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Yes a bad head, even studded could do all of those things and more, well maybe not the oil cooler but if that didn’t fix the oil in the coolant then well, it wasn’t caused by the head to begin with. My advice would be to pay for the work rendered. Believe me you won’t win in litigation against a mechanics shop it seldom works out in the customers favor. Once you have your truck back (god willing running properly). Never ever return to that guy again sounds like a terrible shop with poor quality control. 4 hours jacking around with seating a 12 valve head is ridiculous. Even if the pump some how was in the way. That should have been noticed at minute 1 of the head not sitting properly on the block. Getting sold all this junk you don’t need as well is pretty grotesque. Studs on a stock motor. Hell I would venture to say unless you are pushing over 70psi you don’t need studs. I never lifted a head or pushed a gasket running 65psi in a daily. Furthermore, Oil coolers can be diagnosed, head gaskets can be diagnosed, but it sounds like your boys are skipping the entire diagnostic process to begin with. Get your truck and run away. Find a better more competent person to service your equipment.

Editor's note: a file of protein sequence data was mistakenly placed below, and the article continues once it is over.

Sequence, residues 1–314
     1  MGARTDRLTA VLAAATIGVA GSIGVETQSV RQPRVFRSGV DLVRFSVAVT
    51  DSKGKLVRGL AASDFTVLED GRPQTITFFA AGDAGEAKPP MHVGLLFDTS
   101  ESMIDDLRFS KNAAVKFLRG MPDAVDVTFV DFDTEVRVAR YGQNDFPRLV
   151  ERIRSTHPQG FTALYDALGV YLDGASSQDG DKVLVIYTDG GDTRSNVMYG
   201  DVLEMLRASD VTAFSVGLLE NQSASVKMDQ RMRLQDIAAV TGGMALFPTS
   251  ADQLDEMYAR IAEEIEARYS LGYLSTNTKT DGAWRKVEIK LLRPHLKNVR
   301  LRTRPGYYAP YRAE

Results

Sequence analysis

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The block was not cracked. Once they notched the metal of the head so that the pump wasnt in the way, they put it back together and that fixed it - no more oil in the coolant. It just seems to me that all or most of these issues were caused by the blown head gasket, which should not have happened with studs, but did happen because it wasn't properly seated when they put it back together 10 months ago.
 

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When the mechanic put the either of the NEW heads on were they checked to see if they were warped before putting them on? Just because it's new doesn't mean it's not warped a little.
 
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Think the studs could have been to line up the head because they couldn't get the bolts to go through because it wouldn't sit right for them?